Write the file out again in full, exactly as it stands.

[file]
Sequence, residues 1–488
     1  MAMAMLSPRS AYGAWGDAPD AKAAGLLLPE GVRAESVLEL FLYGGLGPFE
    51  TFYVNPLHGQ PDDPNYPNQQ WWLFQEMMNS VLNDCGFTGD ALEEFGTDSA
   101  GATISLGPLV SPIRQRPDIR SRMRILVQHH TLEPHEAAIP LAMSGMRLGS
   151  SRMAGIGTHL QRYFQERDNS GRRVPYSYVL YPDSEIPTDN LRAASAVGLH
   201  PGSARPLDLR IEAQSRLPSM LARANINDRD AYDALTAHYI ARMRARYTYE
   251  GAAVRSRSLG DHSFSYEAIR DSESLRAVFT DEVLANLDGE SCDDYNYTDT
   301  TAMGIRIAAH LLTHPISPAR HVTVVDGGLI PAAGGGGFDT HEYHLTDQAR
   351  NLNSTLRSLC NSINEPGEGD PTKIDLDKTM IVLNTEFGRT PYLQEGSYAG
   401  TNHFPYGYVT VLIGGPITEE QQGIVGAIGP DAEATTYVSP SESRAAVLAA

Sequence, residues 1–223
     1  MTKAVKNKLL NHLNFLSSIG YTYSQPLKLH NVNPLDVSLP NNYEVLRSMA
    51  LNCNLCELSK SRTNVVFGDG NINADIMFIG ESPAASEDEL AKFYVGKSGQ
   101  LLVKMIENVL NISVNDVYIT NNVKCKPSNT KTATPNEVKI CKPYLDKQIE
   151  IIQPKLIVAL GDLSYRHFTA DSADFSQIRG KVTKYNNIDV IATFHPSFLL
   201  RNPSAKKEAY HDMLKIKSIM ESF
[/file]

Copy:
Sequence, residues 1–488
     1  MAMAMLSPRS AYGAWGDAPD AKAAGLLLPE GVRAESVLEL FLYGGLGPFE
    51  TFYVNPLHGQ PDDPNYPNQQ WWLFQEMMNS VLNDCGFTGD ALEEFGTDSA
   101  GATISLGPLV SPIRQRPDIR SRMRILVQHH TLEPHEAAIP LAMSGMRLGS
   151  SRMAGIGTHL QRYFQERDNS GRRVPYSYVL YPDSEIPTDN LRAASAVGLH
   201  PGSARPLDLR IEAQSRLPSM LARANINDRD AYDALTAHYI ARMRARYTYE
   251  GAAVRSRSLG DHSFSYEAIR DSESLRAVFT DEVLANLDGE SCDDYNYTDT
   301  TAMGIRIAAH LLTHPISPAR HVTVVDGGLI PAAGGGGFDT HEYHLTDQAR
   351  NLNSTLRSLC NSINEPGEGD PTKIDLDKTM IVLNTEFGRT PYLQEGSYAG
   401  TNHFPYGYVT VLIGGPITEE QQGIVGAIGP DAEATTYVSP SESRAAVLAA

Sequence, residues 1–223
     1  MTKAVKNKLL NHLNFLSSIG YTYSQPLKLH NVNPLDVSLP NNYEVLRSMA
    51  LNCNLCELSK SRTNVVFGDG NINADIMFIG ESPAASEDEL AKFYVGKSGQ
   101  LLVKMIENVL NISVNDVYIT NNVKCKPSNT KTATPNEVKI CKPYLDKQIE
   151  IIQPKLIVAL GDLSYRHFTA DSADFSQIRG KVTKYNNIDV IATFHPSFLL
   201  RNPSAKKEAY HDMLKIKSIM ESF